3. In a sealless strap connection between overlapped lengths of metal strap, a tandem array of longitudinally spaced shear lock joints, each joint being defined between nestable strap sections provided by matched integral po-rtions of each length of metal strap, said nestable strap sections that define each joint being partly offset longitudinally to engage in one way mutually interlocking relation, each said nestable strap section having a single longitudinally oriented staggered slit comprised of lengthwise slit end regions and a lateral jog region joining the slit end regions, the staggered slits being aligned and centered on each length of strap and each slit having an offset region of less than one-fifth of the strap width, each staggered slit defining and being flanked by complementary integral strap web portions offset in opposite normal directions to present lengthwise opposed shoulders bordering the intermediate jog region of the slit, each joint having each of its nestable strap sections presenting a locking shoulder nestable within the jog region of the other strap section and enterable endwise into the opposing slit end region of said other section to establish one way interlock ing engagement therebetween and at least two of said joints having locking shoulders of substantially right angled configuration.

References Cited by the Examiner UNITED STATES PATENTS 2,268,339 12/1941 Leslie 24-20 3,188,706 6/1965 Partridge 24-20 FOREIGN PATENTS 21,202 2/ 1935 Australia.

WILLIAM FELDMAN, Primary Examiner. J. L. JONES, Examiner.

Patent Citations
Cited PatentFiling datePublication dateApplicantTitle
US2268339 *Sep 7, 1940Dec 30, 1941Signode Steel Strapping CoStrap joint
US3188706 *Jun 29, 1962Jun 15, 1965Universal Steel Strapping IncFastenerless splice and method of forming same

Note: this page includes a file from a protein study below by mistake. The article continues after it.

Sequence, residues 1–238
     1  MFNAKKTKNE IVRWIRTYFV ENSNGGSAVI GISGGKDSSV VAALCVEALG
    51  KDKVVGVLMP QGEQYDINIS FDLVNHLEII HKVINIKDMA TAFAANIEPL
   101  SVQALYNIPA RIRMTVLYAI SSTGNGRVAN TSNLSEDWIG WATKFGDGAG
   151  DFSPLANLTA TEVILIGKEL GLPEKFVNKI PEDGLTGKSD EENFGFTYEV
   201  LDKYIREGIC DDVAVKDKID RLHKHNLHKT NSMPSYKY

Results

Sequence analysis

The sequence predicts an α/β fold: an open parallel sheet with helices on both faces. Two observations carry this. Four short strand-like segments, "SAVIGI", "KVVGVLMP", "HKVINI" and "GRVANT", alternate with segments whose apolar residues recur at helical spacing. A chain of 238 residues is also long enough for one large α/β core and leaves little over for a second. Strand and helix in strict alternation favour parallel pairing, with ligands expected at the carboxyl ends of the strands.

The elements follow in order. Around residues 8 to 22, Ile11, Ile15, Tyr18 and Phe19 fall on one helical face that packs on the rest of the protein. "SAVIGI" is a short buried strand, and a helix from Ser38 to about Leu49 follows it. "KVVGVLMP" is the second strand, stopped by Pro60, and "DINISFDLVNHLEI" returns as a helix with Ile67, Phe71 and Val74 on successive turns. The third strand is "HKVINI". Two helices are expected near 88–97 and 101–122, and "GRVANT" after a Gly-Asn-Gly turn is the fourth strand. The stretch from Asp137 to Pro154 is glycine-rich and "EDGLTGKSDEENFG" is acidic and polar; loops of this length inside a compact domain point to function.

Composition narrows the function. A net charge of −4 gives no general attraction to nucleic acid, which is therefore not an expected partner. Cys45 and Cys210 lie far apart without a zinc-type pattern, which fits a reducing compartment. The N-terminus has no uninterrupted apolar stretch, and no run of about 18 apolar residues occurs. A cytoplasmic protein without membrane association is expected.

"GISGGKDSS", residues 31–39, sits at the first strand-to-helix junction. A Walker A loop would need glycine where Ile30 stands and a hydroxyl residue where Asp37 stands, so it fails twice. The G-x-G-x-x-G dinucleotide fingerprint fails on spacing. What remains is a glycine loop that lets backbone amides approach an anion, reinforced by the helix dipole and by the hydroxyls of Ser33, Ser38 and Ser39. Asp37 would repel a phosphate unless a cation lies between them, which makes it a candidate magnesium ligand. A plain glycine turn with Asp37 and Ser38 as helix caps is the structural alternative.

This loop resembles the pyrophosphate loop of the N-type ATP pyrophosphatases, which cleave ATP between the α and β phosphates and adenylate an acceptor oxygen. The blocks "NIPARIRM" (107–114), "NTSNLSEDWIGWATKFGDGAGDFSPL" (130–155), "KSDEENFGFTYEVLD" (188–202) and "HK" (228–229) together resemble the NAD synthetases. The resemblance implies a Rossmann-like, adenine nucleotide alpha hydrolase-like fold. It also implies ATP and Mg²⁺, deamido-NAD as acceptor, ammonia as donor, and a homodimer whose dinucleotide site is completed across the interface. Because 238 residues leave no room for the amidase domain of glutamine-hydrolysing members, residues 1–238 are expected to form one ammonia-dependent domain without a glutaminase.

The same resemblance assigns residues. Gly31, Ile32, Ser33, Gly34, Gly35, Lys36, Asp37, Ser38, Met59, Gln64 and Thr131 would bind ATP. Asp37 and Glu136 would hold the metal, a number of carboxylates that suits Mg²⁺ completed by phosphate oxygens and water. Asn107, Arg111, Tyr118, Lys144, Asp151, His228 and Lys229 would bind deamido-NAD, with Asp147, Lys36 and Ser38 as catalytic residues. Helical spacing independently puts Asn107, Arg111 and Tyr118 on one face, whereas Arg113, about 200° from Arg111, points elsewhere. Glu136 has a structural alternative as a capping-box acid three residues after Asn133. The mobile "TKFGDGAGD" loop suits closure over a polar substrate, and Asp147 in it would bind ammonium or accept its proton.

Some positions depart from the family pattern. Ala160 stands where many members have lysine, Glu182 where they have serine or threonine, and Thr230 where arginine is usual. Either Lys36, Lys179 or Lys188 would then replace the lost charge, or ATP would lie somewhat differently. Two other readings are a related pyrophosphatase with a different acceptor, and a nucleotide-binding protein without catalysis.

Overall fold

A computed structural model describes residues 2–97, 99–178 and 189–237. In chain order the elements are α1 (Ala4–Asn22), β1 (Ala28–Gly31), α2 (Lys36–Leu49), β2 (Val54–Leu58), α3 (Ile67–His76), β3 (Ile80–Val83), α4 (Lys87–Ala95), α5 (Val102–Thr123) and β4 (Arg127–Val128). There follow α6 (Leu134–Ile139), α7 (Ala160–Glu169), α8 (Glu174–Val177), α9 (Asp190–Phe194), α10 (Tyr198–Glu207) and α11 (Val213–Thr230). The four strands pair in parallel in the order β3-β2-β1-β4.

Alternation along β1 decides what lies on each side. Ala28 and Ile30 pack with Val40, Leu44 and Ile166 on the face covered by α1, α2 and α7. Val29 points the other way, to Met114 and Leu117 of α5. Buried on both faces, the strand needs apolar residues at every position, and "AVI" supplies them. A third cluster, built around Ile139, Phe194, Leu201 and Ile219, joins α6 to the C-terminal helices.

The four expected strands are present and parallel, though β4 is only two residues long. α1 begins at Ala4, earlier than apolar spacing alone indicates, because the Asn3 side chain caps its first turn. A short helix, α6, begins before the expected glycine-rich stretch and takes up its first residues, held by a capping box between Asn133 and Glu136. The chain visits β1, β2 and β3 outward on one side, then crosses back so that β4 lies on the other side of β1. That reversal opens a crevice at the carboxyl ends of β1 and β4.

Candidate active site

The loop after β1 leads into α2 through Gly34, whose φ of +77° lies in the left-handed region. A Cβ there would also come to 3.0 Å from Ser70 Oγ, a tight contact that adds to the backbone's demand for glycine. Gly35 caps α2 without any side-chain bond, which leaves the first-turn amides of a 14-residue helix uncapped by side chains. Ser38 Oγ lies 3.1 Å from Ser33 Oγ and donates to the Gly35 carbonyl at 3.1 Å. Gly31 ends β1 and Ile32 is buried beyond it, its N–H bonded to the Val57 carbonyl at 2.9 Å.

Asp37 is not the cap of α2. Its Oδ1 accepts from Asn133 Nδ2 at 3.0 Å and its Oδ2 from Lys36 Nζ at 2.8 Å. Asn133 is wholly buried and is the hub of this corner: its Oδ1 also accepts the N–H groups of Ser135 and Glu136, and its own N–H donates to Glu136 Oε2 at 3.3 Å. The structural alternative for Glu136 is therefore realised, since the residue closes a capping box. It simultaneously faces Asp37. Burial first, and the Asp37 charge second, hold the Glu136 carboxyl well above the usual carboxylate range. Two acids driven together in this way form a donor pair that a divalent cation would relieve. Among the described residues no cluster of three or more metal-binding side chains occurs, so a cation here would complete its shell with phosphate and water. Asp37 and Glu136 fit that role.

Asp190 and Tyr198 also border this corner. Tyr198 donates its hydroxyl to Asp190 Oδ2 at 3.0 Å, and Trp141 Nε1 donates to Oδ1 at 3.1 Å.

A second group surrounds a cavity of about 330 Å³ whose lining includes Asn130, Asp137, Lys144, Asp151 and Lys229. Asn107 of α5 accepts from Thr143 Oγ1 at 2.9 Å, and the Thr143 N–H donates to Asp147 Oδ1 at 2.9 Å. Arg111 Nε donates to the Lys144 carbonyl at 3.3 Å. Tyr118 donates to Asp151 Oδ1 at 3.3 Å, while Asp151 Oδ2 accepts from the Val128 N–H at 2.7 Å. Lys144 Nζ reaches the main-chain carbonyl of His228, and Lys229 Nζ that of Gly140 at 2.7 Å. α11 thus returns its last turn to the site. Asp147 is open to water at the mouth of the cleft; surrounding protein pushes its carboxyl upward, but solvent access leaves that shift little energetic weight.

AU2120235A * Title not available
Referenced by
Citing PatentFiling datePublication dateApplicantTitle
US3457599 *Dec 22, 1967Jul 29, 1969Titan Eisenwarenfabrik GmbhStrip-shaped strapping,particularly for pressed bales
US3659318 *Nov 24, 1970May 2, 1972Titan Verpackungssysteme GmbhStrapping tie
US3935616 *Jan 24, 1975Feb 3, 1976Signode CorporationSealless strap connection means
US4062086 *Apr 26, 1976Dec 13, 1977Signode CorporationSealless strap end alignment and connection means
US4156385 *Aug 17, 1978May 29, 1979Signode CorporationMethod of readily disengaging anti-reverse sealless strap connection to facilitate reusing strap
US4226007 *Mar 16, 1979Oct 7, 1980Signode CorporationSealless strap connection
US4791968 *Dec 14, 1987Dec 20, 1988Signode CorporationHead for sealless strapping machine
US4919403 *Jul 12, 1988Apr 24, 1990Proprietary Technology, Inc.Serpentine strip spring
EP0008335A1 *Jun 25, 1979Mar 5, 1980Signode CorporationStrap for forming a readily disengageable anti-disengagement sealless strap connection
EP0016424A1 *Mar 13, 1980Oct 1, 1980Signode CorporationSealless strap connection
Classifications
U.S. Classification24/20.0EE
International ClassificationB65D63/00, B65D63/04
Cooperative ClassificationB65D63/04
European ClassificationB65D63/04